Travel giant Tui is axing 8,000 jobs worldwide in a bid to slash costs by almost a third amid a massive slump in bookings.
The bombshell follows reports that summer holiday reservations plunged by 83 per cent because of the coronavirus pandemic.
Winter bookings are said to be down by almost 60 per cent and prices reduced by 19 per cent with the uncertainty over government travel restrictions blamed for the cutbacks.
Capacity for summer holidays next year is also expected to be reduced – although bookings are reported to be healthy.
Tui revealed it was shutting 166 travel agencies in the UK and Ireland to leave a network of 350 shops earlier this year.
Group chief executive Fritz Joussen said in a trading update: “We have successfully restarted our operations; customers are enjoying their holidays with newly adapted hygiene protocols and we have taken 1.4 million customers on their holidays since restart.
“Destination availability at present is highly influenced by government policy and development of the pandemic, meaning the environment remains volatile, and is likely to remain so for the next few quarters.
“Leisure holidays remain important to customers and have been one of the most missed activities during the pandemic, with leisure travel expected to recover faster than business travel.”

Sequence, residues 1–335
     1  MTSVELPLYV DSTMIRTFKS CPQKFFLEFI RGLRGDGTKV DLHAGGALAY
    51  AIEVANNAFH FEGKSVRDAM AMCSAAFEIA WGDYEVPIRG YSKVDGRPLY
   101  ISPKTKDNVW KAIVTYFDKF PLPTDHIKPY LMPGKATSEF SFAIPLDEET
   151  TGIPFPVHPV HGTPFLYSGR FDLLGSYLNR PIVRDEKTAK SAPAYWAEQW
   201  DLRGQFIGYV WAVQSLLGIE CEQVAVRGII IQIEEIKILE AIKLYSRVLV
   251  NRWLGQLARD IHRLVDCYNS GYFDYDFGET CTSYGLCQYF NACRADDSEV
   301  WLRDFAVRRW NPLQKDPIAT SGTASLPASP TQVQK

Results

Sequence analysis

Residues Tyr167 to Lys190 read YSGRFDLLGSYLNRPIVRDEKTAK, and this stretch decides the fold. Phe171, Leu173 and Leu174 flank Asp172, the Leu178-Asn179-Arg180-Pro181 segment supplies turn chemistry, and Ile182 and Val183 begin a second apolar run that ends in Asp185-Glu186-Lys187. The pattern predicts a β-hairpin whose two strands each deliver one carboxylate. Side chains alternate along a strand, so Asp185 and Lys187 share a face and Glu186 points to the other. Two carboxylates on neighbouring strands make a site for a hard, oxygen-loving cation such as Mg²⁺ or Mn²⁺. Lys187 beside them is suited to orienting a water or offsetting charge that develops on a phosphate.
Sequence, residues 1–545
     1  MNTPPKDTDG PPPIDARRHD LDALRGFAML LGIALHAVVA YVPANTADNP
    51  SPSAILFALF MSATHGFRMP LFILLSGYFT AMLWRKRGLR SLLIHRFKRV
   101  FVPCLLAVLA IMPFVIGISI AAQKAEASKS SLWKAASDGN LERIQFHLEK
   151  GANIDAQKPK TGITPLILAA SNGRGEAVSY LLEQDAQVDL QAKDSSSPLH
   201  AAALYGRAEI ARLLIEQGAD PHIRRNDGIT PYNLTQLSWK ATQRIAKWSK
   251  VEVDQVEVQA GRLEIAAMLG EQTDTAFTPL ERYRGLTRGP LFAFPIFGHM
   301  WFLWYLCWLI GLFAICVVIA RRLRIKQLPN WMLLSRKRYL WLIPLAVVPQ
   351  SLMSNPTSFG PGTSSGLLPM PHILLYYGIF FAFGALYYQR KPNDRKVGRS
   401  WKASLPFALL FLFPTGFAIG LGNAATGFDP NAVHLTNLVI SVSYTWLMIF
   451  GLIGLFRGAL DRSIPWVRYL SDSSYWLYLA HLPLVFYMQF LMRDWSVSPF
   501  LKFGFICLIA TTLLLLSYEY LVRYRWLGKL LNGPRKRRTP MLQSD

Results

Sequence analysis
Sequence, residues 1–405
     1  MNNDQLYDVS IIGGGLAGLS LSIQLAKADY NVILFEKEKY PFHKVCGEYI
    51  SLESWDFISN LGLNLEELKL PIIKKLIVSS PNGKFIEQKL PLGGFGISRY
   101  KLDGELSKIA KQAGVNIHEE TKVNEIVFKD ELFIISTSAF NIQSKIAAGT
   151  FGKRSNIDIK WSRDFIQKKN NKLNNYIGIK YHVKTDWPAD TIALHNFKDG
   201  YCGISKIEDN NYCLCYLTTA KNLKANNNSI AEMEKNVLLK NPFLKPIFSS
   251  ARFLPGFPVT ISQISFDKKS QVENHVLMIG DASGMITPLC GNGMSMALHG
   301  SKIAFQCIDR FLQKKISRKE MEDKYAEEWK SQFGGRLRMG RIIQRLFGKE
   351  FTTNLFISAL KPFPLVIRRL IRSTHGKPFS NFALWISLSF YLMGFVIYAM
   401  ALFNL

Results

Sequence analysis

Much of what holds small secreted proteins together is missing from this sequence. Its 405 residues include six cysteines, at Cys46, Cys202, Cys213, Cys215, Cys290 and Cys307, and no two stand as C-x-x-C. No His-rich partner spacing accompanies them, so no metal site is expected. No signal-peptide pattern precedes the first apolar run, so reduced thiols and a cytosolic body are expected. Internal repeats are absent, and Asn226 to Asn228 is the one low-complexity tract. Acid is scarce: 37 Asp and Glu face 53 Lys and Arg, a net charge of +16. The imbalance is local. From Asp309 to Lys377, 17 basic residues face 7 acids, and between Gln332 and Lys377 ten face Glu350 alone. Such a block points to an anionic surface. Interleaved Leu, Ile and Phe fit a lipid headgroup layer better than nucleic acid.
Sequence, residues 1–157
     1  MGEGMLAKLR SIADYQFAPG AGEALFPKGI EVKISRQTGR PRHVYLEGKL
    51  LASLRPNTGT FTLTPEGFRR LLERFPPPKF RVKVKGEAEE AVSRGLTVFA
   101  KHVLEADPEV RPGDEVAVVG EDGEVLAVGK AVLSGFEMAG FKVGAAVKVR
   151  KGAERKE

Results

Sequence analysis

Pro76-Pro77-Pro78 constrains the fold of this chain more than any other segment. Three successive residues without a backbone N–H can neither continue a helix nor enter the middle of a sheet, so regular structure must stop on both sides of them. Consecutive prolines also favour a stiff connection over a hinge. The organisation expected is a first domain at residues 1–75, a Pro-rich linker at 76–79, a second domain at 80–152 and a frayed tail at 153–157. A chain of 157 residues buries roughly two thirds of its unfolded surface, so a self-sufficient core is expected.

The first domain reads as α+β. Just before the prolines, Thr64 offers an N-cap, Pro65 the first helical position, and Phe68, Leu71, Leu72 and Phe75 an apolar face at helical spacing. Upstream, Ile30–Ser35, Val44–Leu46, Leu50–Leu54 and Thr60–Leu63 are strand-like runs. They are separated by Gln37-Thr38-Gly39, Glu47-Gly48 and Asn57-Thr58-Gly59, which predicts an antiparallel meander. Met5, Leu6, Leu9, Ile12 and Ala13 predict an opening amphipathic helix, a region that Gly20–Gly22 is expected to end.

The update added: “We will monitor and flexibly adapt our capacity, in line with demand as well as travel restrictions, to ensure we continue to responsibly offer our customers a range of safe winter holiday options,” the group said.
“Over the last month, we have been impacted by continuous changes in travel advice by various governments across our markets.
“We expect travel advice by each regional government to remain highly fluid, and we subsequently expect short term bookings to continue until customers are able to plan with more certainty.
“Where possible, we would prefer to see a regional risk assessment policy being applied by each government rather than a blanket travel policy.
“In addition, if testing were to be made more available on arrival in destination and on departure then this would also help to avoid compulsory quarantine and movement restrictions.
“On an underlying basis we see strong customer intention to travel, with many customers wanting to secure their summer holidays well ahead of time.”
Meanwhile, it has been announced that more than 1,000 ground operations roles are under threat at Heathrow Airport.
Menzies Aviation has started redundancy consultations with 1,050 workers and informed all staff they are to face a 50 per cent cut in hours, according to the GMB union.
Last week the company announced it was also planning to shed 200 jobs at Luton Airport.